I used to have two raccoons, Bonnie and Clyde, who I found in my front yard when they were about two and a half weeks old after a truck hit and killed their mother.
I cut down two dead fir trees from my front yard and the mother was moving her babies under the huge pile of branches as a safe hiding place.
But in the process she lost her life. I heard chirring noises and started moving branches and found these two adorable babies. I bottle fed them puppy formula until they were old enough to start eating dry dog kibble. I also gave them corn, chicken, fruit, bananas, and a variety of other things.
My puppy, a Bichon Frise named Pogo, absolutely loved Bonnie and Clyde. He used to lick them clean when they were babies.
None of them knew that in the wild they were supposed to be natural born enemies. When Bonnie and Clyde were nine months old, they were full grown and bigger than my dog. Clyde weighed about 20 lbs and Bonnie weighed about 15 lbs.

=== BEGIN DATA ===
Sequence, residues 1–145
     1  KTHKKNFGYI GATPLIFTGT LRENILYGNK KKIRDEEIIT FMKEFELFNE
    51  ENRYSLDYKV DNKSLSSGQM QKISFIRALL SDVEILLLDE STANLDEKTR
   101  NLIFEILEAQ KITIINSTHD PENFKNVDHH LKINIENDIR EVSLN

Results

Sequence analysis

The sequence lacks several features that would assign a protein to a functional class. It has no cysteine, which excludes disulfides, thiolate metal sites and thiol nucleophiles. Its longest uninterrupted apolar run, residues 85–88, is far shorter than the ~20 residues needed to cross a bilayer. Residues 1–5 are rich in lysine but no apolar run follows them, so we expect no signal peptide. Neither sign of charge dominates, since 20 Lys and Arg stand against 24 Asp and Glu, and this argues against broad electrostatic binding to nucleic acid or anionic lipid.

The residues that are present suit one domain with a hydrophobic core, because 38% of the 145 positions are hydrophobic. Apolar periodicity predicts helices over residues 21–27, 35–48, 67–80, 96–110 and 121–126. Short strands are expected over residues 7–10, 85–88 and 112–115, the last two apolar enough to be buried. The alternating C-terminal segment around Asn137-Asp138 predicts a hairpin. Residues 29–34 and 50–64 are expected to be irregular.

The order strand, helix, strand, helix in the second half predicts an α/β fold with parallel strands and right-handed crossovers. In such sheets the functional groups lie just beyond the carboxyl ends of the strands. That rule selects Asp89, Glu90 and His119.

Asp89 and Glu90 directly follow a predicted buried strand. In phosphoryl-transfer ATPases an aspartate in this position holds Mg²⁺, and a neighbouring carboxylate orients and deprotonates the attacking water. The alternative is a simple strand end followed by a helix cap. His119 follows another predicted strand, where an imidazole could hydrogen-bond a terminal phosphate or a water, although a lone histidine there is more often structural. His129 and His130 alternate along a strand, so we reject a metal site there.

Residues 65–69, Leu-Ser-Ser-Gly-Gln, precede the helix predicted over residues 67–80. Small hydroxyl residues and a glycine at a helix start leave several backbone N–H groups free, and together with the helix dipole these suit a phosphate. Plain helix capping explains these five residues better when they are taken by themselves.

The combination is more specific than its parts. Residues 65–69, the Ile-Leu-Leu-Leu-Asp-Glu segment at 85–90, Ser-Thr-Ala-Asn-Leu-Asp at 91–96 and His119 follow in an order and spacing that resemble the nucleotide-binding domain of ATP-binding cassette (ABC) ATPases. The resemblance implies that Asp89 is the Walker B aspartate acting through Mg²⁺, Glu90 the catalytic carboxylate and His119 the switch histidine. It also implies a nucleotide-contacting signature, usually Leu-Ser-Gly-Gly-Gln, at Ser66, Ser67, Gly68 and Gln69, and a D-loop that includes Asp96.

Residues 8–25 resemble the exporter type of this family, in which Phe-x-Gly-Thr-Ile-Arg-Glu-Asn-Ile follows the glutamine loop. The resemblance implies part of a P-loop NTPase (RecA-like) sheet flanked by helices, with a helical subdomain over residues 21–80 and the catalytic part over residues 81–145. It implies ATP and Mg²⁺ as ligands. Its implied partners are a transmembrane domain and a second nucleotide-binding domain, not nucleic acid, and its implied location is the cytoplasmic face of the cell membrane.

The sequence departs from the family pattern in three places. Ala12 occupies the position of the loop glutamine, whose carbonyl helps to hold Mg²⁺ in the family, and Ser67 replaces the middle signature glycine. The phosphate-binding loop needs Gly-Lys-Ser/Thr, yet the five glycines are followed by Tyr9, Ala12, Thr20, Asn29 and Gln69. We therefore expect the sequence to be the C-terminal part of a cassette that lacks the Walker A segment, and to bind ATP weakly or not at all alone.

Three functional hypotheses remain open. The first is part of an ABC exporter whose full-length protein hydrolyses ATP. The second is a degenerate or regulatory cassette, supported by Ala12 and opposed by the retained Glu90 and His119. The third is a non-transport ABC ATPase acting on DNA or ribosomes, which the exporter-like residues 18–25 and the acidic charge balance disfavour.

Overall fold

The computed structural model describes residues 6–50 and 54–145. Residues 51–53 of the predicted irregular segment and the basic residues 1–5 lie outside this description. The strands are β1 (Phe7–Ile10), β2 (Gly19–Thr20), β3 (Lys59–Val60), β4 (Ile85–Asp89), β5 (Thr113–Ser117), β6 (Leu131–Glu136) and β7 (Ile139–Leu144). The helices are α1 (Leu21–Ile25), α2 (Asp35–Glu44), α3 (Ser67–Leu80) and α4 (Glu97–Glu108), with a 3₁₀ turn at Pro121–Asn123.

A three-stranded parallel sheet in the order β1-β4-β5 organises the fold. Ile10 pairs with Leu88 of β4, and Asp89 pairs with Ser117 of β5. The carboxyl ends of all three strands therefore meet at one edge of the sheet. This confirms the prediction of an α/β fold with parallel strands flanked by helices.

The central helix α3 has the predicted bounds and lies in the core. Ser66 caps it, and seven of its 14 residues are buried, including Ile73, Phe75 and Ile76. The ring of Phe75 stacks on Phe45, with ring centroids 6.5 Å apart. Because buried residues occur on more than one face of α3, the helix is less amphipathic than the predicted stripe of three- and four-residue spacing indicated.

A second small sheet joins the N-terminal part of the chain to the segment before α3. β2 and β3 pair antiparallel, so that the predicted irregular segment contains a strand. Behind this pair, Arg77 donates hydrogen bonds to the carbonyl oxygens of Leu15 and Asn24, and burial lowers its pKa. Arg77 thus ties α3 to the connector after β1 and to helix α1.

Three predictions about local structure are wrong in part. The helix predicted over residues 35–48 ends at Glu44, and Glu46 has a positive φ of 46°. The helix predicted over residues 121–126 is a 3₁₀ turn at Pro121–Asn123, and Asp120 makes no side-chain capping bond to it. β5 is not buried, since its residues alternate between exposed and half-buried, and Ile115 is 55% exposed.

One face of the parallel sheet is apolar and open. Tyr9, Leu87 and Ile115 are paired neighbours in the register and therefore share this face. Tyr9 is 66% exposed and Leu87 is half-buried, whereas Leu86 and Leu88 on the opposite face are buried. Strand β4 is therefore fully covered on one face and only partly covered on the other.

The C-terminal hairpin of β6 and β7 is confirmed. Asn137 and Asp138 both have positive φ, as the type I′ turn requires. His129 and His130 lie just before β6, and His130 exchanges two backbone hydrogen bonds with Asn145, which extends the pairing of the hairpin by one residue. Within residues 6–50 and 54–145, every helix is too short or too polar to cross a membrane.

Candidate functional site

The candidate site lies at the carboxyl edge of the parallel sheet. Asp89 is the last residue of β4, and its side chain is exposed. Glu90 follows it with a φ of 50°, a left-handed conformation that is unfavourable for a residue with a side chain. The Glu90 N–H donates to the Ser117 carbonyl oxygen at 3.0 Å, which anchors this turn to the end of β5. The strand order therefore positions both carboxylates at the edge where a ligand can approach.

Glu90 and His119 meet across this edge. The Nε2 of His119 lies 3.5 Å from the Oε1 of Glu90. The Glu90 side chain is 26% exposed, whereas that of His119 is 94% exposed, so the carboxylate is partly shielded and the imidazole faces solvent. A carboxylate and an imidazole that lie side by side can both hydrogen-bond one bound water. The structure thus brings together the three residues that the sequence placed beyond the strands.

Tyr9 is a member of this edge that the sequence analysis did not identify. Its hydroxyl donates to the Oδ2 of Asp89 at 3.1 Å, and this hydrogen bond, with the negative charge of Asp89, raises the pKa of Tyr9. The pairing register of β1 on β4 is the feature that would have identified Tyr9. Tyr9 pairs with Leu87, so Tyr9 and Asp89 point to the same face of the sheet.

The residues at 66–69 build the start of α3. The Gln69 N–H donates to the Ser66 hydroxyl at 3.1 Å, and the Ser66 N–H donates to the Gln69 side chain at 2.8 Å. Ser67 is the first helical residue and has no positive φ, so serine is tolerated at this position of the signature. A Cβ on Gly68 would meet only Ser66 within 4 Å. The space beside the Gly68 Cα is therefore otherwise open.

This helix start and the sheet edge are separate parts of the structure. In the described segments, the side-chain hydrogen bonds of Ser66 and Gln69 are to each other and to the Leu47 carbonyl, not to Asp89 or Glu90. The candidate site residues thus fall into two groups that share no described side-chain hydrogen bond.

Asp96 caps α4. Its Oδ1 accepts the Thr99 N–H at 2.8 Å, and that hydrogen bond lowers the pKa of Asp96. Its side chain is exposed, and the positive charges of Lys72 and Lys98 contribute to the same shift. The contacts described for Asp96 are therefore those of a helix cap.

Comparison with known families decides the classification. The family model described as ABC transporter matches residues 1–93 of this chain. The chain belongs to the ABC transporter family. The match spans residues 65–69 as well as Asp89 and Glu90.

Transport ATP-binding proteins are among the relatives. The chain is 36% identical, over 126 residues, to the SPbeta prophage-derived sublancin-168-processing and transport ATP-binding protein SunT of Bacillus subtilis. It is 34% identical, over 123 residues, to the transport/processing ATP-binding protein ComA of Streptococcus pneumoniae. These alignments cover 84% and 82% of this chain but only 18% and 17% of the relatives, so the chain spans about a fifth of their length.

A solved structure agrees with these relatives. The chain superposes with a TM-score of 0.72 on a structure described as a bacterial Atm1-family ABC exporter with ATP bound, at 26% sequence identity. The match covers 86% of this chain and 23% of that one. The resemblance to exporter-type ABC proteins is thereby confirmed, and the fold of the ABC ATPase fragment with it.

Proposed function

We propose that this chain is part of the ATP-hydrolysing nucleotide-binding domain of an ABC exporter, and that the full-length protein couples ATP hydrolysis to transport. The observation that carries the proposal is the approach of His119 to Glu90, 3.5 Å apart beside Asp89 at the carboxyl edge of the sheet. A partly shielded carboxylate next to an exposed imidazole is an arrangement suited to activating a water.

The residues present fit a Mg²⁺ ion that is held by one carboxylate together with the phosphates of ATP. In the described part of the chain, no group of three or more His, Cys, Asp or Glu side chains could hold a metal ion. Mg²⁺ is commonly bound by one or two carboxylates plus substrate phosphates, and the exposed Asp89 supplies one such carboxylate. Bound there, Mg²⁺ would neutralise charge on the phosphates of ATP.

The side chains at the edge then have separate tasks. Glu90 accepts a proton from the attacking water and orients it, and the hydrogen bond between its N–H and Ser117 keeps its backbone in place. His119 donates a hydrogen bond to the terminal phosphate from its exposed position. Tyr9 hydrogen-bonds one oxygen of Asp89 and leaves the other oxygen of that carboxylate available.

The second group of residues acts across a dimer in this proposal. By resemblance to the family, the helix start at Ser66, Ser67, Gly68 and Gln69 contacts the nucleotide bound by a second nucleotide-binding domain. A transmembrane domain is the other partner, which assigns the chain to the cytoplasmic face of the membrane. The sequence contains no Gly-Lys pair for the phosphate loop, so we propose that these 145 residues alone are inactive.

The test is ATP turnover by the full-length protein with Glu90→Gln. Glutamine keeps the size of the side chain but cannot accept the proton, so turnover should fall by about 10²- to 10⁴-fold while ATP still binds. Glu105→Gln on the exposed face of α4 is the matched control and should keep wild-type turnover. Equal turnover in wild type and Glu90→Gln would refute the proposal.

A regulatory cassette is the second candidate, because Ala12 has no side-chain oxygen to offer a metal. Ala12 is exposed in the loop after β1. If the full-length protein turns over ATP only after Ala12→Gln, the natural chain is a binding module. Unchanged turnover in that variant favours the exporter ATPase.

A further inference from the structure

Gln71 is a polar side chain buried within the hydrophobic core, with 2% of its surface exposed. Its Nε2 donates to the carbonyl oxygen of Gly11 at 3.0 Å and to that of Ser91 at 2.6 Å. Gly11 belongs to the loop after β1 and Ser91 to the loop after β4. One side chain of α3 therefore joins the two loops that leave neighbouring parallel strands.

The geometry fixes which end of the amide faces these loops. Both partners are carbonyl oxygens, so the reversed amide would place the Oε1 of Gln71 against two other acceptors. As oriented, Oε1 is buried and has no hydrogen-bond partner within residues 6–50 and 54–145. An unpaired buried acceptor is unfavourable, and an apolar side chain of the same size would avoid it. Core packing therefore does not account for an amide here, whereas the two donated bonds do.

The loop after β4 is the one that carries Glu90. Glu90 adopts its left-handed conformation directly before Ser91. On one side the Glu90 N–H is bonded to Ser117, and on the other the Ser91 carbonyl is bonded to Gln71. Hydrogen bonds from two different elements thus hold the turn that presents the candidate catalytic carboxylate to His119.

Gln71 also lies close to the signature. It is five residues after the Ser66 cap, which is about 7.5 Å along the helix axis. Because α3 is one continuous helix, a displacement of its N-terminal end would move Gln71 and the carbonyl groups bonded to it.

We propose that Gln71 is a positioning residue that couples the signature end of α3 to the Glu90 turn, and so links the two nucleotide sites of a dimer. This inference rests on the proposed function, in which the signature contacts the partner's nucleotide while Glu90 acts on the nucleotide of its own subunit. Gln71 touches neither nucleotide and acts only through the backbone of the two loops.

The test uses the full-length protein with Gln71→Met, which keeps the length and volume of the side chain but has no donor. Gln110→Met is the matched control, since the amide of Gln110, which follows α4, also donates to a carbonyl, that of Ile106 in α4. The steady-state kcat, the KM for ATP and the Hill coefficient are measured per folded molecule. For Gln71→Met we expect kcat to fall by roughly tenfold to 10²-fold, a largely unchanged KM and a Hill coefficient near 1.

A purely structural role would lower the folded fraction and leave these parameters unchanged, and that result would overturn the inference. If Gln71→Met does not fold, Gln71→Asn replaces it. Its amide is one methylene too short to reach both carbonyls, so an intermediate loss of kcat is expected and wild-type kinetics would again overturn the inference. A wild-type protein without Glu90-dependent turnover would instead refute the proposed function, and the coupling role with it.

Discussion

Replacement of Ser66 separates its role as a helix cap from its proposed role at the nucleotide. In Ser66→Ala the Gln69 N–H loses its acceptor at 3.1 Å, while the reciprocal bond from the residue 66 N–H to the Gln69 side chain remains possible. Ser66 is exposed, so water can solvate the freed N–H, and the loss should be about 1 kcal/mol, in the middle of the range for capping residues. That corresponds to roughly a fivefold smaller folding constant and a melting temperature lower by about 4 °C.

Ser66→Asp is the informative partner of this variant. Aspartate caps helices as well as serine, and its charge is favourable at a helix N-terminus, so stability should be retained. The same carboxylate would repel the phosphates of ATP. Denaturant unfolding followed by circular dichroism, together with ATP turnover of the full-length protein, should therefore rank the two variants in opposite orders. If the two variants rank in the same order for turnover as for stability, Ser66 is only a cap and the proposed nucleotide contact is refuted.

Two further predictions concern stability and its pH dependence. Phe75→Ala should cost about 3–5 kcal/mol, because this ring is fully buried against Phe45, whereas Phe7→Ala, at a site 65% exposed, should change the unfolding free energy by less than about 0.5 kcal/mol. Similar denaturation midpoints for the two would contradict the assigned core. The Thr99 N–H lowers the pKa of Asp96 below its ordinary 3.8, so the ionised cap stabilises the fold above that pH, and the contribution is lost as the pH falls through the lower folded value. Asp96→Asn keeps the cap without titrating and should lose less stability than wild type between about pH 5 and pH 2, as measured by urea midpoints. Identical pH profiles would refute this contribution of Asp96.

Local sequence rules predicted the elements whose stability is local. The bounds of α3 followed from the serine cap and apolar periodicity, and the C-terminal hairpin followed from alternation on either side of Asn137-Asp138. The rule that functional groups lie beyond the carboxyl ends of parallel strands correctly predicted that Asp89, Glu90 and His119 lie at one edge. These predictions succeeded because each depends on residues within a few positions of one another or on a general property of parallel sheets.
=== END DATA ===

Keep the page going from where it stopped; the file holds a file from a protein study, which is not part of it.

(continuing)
They were cute as the dickens and very smart.
I turned them over to a wild life rehabilitator who gave them rabies shots. She told me that in all the years she had been doing that kind of work, never had she seen two such loving, well-behaved, affectionate raccoons. They sat on my shoulders and head the whole time we were there.
I never put them on a leash, I never told them ‘no,’ I never had to scold them or chase after them. They were litter box trained right from the start.
They seemed instinctively to know what to do with the litter box as soon as they saw it. They were very clean and they loved bath time. Every time I took them out with me, they followed me wherever I went. They would try to sit on my feet to stop me, and when that didn’t work, they climbed up my legs and sat on my shoulders.
I miss them terribly, and I wish I had kept them. It tore me apart to give them up, but I felt that it was fairer to them to be free in wide open spaces where they could roam to their hearts’ content and find mates. –From Susan Cherry